We can ask GAP, running in a Jupyter notebook, to create a visualization from this data by passing that data directly to CreateVisualization (2.1-3). We wrap it in a record that must specify the tool to use (in this case "anychart") and optionally some other details not relevant here.

CreateVisualization( rec( tool := "anychart", data := myChartData ) );

If you have the data defining a visualization stored in a .json file on disk, you can use the following code rather than rewriting the JSON code into GAP code yourself.

CreateVisualization( rec(
    tool := "anychart",
    data := JsonStringToGap( ReadAll( InputTextFile( "your-file.json" ) ) )
) );

AnyChart can make a wide variety of charts (area, bar, box, bubble, bullet, column, doughnut, and so on, for over 125 different types and subtypes). Other JavaScript libraries available also have similarly broad capabilities, but we do not include here examples of CanvasJS, ChartJS, or Plotly, because their capabilities and purpose are somewhat similar to that of AnyChart. Though their data formats are different, you can find links to those formats' documentation in the documentation for the function CreateVisualization (2.1-3). So instead future sections focus on four other examples that are unlike AnyChart.

1.3-2 Post-processing visualizations

Note that CreateVisualization (2.1-3) takes an optional second parameter, a string of JavaScript code to be run once the visualization is complete. For example, if the visualization library did not support a solid black border, but you wanted to add one, you could do so in subsequent code.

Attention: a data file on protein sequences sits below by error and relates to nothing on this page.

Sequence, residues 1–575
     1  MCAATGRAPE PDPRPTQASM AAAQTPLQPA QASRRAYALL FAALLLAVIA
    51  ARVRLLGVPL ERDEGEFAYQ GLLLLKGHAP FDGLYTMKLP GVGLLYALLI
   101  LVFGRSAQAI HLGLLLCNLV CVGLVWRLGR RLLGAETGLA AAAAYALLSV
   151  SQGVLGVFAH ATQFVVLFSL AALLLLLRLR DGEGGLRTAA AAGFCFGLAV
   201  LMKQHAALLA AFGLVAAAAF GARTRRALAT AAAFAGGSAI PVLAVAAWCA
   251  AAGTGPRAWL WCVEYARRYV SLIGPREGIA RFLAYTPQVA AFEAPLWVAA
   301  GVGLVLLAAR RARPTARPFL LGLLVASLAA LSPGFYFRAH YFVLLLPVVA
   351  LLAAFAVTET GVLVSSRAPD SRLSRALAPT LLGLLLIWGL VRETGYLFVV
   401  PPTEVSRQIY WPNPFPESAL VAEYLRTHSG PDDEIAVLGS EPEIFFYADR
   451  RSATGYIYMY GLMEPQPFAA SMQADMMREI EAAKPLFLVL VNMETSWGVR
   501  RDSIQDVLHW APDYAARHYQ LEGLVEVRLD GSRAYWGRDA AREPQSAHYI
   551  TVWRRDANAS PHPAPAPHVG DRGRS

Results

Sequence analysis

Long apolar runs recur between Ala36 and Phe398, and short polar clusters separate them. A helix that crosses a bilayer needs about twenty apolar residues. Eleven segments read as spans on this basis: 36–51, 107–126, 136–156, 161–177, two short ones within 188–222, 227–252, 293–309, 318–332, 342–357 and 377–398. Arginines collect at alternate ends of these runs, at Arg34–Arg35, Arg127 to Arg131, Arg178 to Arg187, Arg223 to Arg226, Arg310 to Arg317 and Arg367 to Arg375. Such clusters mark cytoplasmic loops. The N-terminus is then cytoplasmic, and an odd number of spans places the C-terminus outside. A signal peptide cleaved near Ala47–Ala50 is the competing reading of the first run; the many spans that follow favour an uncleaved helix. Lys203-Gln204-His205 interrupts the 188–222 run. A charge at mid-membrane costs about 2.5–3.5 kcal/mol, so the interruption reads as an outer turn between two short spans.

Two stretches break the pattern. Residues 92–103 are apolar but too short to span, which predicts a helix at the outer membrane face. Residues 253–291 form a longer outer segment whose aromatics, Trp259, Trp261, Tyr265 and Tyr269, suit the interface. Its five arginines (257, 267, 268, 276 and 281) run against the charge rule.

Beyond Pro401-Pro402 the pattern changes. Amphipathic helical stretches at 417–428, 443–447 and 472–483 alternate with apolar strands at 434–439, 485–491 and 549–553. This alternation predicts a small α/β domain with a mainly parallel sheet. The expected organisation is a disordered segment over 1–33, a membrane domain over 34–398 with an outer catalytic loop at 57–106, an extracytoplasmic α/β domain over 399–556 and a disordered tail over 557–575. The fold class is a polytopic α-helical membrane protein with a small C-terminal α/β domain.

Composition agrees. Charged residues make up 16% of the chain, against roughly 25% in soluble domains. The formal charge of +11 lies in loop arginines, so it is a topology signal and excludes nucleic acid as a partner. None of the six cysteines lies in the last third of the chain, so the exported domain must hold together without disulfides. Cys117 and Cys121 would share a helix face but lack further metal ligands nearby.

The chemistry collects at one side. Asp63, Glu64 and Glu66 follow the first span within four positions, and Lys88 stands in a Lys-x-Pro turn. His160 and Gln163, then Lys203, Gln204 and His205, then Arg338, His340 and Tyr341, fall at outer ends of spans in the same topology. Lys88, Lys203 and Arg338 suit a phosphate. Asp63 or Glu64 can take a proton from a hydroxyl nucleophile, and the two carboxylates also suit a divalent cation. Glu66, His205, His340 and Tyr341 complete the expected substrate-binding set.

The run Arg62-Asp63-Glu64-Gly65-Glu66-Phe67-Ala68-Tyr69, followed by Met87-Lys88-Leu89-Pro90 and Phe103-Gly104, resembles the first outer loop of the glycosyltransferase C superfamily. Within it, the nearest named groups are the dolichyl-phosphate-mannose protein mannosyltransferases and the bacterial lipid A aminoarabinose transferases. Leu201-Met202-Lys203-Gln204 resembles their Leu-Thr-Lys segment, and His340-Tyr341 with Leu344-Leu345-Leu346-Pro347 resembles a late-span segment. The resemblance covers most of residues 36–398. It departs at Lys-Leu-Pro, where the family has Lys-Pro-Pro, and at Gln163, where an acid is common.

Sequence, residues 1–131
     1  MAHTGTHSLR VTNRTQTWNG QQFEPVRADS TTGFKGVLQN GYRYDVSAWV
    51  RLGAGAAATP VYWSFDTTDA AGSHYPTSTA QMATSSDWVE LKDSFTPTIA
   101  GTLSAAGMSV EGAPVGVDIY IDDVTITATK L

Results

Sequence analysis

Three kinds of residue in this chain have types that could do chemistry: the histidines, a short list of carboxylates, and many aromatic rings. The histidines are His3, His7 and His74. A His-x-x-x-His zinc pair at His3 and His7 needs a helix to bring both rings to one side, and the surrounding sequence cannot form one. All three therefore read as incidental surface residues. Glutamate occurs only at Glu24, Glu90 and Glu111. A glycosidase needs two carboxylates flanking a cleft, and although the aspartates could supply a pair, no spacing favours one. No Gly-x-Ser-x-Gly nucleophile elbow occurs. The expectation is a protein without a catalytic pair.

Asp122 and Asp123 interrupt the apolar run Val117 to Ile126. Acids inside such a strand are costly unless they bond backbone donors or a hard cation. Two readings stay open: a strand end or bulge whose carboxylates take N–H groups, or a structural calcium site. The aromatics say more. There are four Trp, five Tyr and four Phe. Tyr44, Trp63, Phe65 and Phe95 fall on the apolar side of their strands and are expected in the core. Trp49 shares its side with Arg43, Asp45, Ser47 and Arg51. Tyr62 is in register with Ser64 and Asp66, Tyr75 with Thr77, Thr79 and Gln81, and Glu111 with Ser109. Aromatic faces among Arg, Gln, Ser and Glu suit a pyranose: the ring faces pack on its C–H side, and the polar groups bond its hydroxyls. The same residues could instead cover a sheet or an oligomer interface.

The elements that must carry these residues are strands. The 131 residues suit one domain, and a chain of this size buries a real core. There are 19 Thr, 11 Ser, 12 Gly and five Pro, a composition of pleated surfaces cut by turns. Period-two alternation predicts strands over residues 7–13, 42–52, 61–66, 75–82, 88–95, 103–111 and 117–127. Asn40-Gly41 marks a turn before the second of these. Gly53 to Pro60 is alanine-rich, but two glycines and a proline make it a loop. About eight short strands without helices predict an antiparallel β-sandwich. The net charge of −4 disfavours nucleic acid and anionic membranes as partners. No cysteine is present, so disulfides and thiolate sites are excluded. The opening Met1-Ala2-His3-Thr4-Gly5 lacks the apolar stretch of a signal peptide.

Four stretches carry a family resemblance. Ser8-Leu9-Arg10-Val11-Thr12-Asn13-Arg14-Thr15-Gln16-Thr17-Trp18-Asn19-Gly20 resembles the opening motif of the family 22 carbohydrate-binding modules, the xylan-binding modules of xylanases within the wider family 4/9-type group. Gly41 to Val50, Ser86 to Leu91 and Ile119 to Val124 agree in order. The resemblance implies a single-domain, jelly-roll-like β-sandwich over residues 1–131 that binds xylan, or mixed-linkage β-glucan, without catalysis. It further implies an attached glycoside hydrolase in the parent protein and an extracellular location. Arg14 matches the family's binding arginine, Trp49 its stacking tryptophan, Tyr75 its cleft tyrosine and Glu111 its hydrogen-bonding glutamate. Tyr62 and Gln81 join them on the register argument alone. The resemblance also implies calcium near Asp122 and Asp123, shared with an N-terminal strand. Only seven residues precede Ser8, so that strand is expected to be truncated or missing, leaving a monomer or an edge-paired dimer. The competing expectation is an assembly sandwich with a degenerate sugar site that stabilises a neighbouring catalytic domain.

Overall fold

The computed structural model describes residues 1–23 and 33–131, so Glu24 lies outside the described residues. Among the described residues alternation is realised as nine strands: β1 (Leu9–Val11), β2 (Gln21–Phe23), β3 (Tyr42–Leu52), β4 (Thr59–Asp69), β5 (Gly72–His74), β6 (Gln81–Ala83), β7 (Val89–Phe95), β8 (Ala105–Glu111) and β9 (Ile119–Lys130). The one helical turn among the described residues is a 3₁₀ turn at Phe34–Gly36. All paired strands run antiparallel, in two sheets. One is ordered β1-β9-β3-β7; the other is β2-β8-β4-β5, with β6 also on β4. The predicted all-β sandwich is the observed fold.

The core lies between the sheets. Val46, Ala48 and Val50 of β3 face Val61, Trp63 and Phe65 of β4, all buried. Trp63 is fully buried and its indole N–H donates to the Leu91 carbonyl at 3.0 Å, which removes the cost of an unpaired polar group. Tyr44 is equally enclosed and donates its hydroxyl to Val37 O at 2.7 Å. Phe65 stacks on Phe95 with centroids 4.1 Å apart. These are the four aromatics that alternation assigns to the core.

CreateVisualization(
    sameDataAsAbove, # plus this new second parameter:
    "visualization.style.border = '5px solid black'"
)

This holds for any visualization tool, not just AnyChart. In the code given in the second parameter, two variables will be defined for your use: element refers to the output cell element in the notebook and visualization refers to the visualization that the toolkit you chose created within that output cell (also an HTML element).

1.3-3 Example: Cytoscape

Unlike AnyChart, Cytoscape is for the vertices-and-edges type of graph, not the x-and-y-axes type. A tiny Cytoscape graph (just A\to B) is represented by the following JSON.

{
    elements : [
        { data : { id : "A" } },
        { data : { id : "B" } },
        { data : { id : "edge", source : "A", target : "B" } }
    ],
    layout : { name : "grid", rows : 1 }
}

Cytoscape graphs can also have style attributes not shown here.

Rather than copy this data directly into GAP, let's generate graph data in the same format using GAP code. Here we make a graph of the first 50 positive integers, with n\to m iff n\mid m (ordinary integer divisibility).

N := 50;
elements := [ ];
roots := [ ];
for i in [2..N] do
    Add( elements, rec( data := rec( id := String( i ) ) ) );
    if IsPrime( i ) then
        Add( roots, i );
    fi;
    for j in [2..i-1] do
        if i mod j = 0 then
            Add( elements, rec( data := rec(